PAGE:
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Que Vs.



On August 25, 1986, petitioner seeks a review by certiorari of the

appellate court's decision dated January 14, 1986 and the resolution
denying petitioner's motion for reconsideration of the same, on the
grounds that respondent appellate court not only decided a
substantial question of jurisdiction not in accordance with law and
applicable jurisprudence but also sanctioned the departure by the
lower court from the accepted judicial procedures on the issue of


Whether the decision of both the trial court and appellate court and
the denial of the Petition for Review are in accordance with law and

It is of no moment whether the said checks were deposited by the

complainant in a bank located outside of Quezon City. The
determinative factor is the place of issuance which is in Quezon
City and thus within the court's jurisdiction.
The argument on petitioner's second issue has likewise no leg to
stand on. On this argument that he issued the checks in question
merely to guarantee the payment of the purchases by Powerhouse
Supply, Inc. of which he is the Manager, We give our stamp of
approval on the findings of the appellate court, to wit:
Neither may appellant's claim in his second assignment of error that
the accused issued the checks in question merely to guarantee the
payment of the purchases by Powerhouse Supply, Inc. serve to
exculpate accused from criminal liability for his act of issuing the
checks in question.
It is now settled that Batas Pambansa Bilang 22 applies even in
cases where dishonored checks are issued merely in the form of a
deposit or a guarantee. The enactment in question does not make any
distinction as to whether the checks within its contemplation are
issued in payment of an obligation or merely to guarantee the said
obligation. In accordance with the pertinent rule of statutory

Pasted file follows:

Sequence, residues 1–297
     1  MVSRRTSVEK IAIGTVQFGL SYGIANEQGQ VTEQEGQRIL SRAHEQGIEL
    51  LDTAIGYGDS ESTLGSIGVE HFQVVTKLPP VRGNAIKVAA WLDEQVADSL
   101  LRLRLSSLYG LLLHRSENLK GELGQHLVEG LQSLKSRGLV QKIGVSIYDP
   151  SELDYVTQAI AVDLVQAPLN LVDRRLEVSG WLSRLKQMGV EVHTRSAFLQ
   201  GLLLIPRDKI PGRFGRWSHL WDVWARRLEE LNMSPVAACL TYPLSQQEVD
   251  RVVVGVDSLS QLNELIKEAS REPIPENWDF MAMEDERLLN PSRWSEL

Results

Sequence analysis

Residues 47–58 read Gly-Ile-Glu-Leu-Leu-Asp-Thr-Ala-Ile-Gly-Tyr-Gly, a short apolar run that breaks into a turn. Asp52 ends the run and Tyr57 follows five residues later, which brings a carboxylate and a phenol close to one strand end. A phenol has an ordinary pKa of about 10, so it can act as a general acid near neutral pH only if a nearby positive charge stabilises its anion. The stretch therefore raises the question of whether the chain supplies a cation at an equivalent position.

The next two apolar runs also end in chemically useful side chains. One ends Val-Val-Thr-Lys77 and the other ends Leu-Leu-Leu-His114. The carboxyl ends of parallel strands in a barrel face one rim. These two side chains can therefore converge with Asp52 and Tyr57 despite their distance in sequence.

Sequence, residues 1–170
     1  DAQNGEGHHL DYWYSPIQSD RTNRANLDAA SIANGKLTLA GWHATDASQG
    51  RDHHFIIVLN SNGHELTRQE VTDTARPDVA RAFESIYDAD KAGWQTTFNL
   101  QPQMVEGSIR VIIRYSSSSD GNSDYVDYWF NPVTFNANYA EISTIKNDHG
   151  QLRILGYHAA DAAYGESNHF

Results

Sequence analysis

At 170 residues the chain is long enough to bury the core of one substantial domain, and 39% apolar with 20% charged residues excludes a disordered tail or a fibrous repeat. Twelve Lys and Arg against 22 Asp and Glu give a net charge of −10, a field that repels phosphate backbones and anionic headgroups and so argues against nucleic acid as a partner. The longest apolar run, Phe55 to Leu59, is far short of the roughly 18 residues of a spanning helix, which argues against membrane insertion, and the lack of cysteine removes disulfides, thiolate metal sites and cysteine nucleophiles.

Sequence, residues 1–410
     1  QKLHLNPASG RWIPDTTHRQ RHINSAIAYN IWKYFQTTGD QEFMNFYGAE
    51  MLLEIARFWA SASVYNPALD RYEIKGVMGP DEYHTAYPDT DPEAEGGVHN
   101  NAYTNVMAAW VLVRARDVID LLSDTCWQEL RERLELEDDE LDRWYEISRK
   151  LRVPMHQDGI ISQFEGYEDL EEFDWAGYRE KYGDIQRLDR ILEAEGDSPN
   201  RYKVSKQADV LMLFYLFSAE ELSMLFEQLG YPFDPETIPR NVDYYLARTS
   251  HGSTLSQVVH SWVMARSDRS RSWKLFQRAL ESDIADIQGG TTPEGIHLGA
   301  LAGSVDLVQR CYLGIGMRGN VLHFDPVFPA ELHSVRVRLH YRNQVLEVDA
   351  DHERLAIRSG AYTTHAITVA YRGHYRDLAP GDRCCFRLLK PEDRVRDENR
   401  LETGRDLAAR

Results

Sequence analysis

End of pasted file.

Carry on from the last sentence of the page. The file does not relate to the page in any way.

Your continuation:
construction, inasmuch as the law has not made any distinction in
this regard, no such distinction can be made by means of
interpretation or application. Furthermore, the history of the
enactment of subject statute evinces the definite legislative intent
to make the prohibition all- embracing, without making any exception
from the operation thereof in favor of a guarantee. This intent may
be gathered from the statement of the sponsor of the bill (Cabinet
Bill No. 9) which was enacted later into Batas Pambansa Bilang 22,
when it was introduced before the Batasan Pambansa, that the bill
was introduced to discourage the issuance of bouncing checks, to
prevent checks from becoming "useless scraps of paper" and to
restore respectability to checks, all without distinction as to the
purpose of the issuance of the checks. The legislative intent as
above said is made all the more clear when it is considered that
while the original text of Cabinet Bill No. 9, supra, had contained
a proviso excluding from the coverage of the law a check issued as a
mere guarantee, the final version of the bill as approved and
enacted by the Committee on the Revision of Laws in the Batasan
deleted the abovementioned qualifying proviso deliberately for the
purpose of making the enforcement of the act more effective (Batasan
Record, First Regular Session, December 4, 1978, Volume II, pp- 1035-
Consequently, what are important are the facts that the accused had
deliberately issued the checks in question to cover accounts and
that the checks were dishonored upon presentment regardless of
whether or not the accused merely issued the checks as a guarantee.
(pp. 4-5. Dec. IAC (pp. 37-38, Rollo)
From the aforequoted paragraphs, it is clear that is the intention
of the framers of Batas Pambansa Bilang 22 to make the mere act of
issuing a worthless check malum prohibitum and thus punishable under
such law.